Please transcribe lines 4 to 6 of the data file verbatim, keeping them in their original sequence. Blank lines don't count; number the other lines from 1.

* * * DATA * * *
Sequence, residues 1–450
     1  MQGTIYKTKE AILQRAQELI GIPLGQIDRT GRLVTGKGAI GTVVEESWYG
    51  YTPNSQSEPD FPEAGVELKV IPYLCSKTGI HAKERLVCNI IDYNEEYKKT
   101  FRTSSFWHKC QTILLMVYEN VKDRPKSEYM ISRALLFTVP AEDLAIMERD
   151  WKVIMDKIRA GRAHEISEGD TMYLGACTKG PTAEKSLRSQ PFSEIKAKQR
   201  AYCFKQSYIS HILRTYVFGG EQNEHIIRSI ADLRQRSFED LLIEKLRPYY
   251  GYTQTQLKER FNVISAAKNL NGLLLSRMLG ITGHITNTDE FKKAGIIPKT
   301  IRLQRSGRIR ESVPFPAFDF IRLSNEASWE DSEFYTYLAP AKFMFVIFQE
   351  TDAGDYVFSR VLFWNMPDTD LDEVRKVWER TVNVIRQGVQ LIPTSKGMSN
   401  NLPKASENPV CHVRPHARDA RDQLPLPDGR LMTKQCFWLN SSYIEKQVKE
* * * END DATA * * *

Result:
   101  FRTSSFWHKC QTILLMVYEN VKDRPKSEYM ISRALLFTVP AEDLAIMERD
   151  WKVIMDKIRA GRAHEISEGD TMYLGACTKG PTAEKSLRSQ PFSEIKAKQR
   201  AYCFKQSYIS HILRTYVFGG EQNEHIIRSI ADLRQRSFED LLIEKLRPYY